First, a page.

Leave the EU = leave the UK?

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The United Kingdom decided on Thursday 23 June 2016 to leave the European Union, with a clear majority of 52%. The consequences will be felt strongly over the months and years to come, both from within the UK (the current UK Prime Minister David Cameron will quit in three months, with the former London Mayor Boris Johnson likely to replace him) and outside (a two years’ period will be opened in order to negotiate the terms of the withdrawal from the EU: see our previous post here: The process for withdrawing from the European Union as seen by the UK Government).

A huge amount of energy is going to be spent on renegotiating the entire relationship with the rest of the EU from all angles (free movement of persons, capital, persons, goods, judgments, competition law, financial law, consumer law, criminal justice, etc.).

Moreover, numerous agreements concluded by the EU with various countries will not apply anymore to the UK after the two years’ period and will have to be renegotiated. In its attempts to renegotiate these agreements, the UK will not be constrained by the demands of other EU Member States but it will necessarily have far less bargaining weight, especially when negotiating with a superpower such as China.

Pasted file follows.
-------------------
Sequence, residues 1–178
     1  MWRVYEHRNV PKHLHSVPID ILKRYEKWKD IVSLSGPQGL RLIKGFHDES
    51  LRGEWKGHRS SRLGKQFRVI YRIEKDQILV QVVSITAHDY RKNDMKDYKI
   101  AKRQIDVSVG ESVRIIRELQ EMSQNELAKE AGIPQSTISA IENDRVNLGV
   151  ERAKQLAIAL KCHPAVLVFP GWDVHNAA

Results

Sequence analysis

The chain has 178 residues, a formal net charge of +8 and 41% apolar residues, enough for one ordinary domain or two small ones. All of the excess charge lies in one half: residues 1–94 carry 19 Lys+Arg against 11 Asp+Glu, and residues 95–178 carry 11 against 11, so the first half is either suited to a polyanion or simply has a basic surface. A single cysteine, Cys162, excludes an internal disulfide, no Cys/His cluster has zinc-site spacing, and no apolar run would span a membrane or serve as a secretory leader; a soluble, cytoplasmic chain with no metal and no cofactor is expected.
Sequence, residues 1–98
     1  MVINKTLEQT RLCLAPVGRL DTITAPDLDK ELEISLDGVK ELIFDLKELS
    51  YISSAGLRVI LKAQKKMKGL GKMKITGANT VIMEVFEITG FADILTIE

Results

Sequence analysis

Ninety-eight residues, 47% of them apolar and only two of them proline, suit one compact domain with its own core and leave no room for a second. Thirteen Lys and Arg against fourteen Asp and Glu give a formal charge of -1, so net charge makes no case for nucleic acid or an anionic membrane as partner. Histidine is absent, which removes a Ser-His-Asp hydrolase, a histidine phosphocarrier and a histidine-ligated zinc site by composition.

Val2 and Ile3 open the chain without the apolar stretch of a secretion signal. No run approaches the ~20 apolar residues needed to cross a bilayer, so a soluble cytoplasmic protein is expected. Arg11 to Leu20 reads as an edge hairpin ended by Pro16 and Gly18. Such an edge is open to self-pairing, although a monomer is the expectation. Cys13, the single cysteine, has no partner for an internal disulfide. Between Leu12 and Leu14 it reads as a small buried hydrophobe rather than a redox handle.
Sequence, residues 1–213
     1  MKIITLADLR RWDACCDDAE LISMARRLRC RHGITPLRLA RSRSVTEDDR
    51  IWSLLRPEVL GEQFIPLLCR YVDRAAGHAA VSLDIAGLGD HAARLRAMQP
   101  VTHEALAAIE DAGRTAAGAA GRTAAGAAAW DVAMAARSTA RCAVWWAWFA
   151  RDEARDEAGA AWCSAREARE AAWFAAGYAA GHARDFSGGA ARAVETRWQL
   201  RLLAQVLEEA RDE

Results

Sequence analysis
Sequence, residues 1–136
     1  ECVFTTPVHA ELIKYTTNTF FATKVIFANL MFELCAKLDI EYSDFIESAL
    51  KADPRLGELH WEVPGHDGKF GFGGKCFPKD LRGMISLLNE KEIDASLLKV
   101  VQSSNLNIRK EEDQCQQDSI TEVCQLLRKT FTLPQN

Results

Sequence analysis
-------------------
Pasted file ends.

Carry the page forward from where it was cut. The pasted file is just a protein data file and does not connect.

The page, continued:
Some are wondering if the UK has not shot itself in the foot. Scotland voted with a large majority (62%) in favour of Remain, and the First Minister of Scotland Nicola Sturgeon considered on Friday that a second referendum on Scotland’s independence is ‘highly likely’. She confirmed that her government will begin preparing legislation to enable another independence vote. It seems very likely, as of today, that, should there be a second referendum, Scotland will vote to leave the United Kingdom and join the EU as an independent State. It would be the end of the Union between Scotland and England. Northern Ireland also voted in favour of Remain and the fragile balance between the pro-independence and the pro-remain in the UK may be affected. 

(Altalex, 27 June 2016. Article by Emmanuel Guinchard)

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